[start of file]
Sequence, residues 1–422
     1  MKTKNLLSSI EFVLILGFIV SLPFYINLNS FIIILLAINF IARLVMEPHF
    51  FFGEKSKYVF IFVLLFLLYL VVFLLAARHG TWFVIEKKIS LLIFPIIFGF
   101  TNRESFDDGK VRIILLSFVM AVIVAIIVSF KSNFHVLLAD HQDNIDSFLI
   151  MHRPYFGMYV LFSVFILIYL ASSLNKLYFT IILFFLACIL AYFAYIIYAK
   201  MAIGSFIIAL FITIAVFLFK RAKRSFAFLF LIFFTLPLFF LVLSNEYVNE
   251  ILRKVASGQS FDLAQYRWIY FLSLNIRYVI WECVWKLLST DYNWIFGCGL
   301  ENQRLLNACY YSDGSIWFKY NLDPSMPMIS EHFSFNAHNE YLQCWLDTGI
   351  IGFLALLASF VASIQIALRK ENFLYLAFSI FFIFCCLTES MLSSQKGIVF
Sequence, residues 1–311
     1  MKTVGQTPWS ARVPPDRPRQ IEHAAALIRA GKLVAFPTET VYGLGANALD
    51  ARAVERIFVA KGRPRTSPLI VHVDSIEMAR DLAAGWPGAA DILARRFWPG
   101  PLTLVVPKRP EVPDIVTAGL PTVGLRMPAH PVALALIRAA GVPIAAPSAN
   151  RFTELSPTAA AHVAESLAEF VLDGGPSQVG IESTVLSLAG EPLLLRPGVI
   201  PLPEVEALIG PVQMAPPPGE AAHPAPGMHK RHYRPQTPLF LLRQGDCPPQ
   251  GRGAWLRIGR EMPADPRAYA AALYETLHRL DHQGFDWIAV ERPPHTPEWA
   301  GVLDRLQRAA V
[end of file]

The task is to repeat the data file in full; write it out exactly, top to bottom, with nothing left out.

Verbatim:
Sequence, residues 1–422
     1  MKTKNLLSSI EFVLILGFIV SLPFYINLNS FIIILLAINF IARLVMEPHF
    51  FFGEKSKYVF IFVLLFLLYL VVFLLAARHG TWFVIEKKIS LLIFPIIFGF
   101  TNRESFDDGK VRIILLSFVM AVIVAIIVSF KSNFHVLLAD HQDNIDSFLI
   151  MHRPYFGMYV LFSVFILIYL ASSLNKLYFT IILFFLACIL AYFAYIIYAK
   201  MAIGSFIIAL FITIAVFLFK RAKRSFAFLF LIFFTLPLFF LVLSNEYVNE
   251  ILRKVASGQS FDLAQYRWIY FLSLNIRYVI WECVWKLLST DYNWIFGCGL
   301  ENQRLLNACY YSDGSIWFKY NLDPSMPMIS EHFSFNAHNE YLQCWLDTGI
   351  IGFLALLASF VASIQIALRK ENFLYLAFSI FFIFCCLTES MLSSQKGIVF
Sequence, residues 1–311
     1  MKTVGQTPWS ARVPPDRPRQ IEHAAALIRA GKLVAFPTET VYGLGANALD
    51  ARAVERIFVA KGRPRTSPLI VHVDSIEMAR DLAAGWPGAA DILARRFWPG
   101  PLTLVVPKRP EVPDIVTAGL PTVGLRMPAH PVALALIRAA GVPIAAPSAN
   151  RFTELSPTAA AHVAESLAEF VLDGGPSQVG IESTVLSLAG EPLLLRPGVI
   201  PLPEVEALIG PVQMAPPPGE AAHPAPGMHK RHYRPQTPLF LLRQGDCPPQ
   251  GRGAWLRIGR EMPADPRAYA AALYETLHRL DHQGFDWIAV ERPPHTPEWA
   301  GVLDRLQRAA V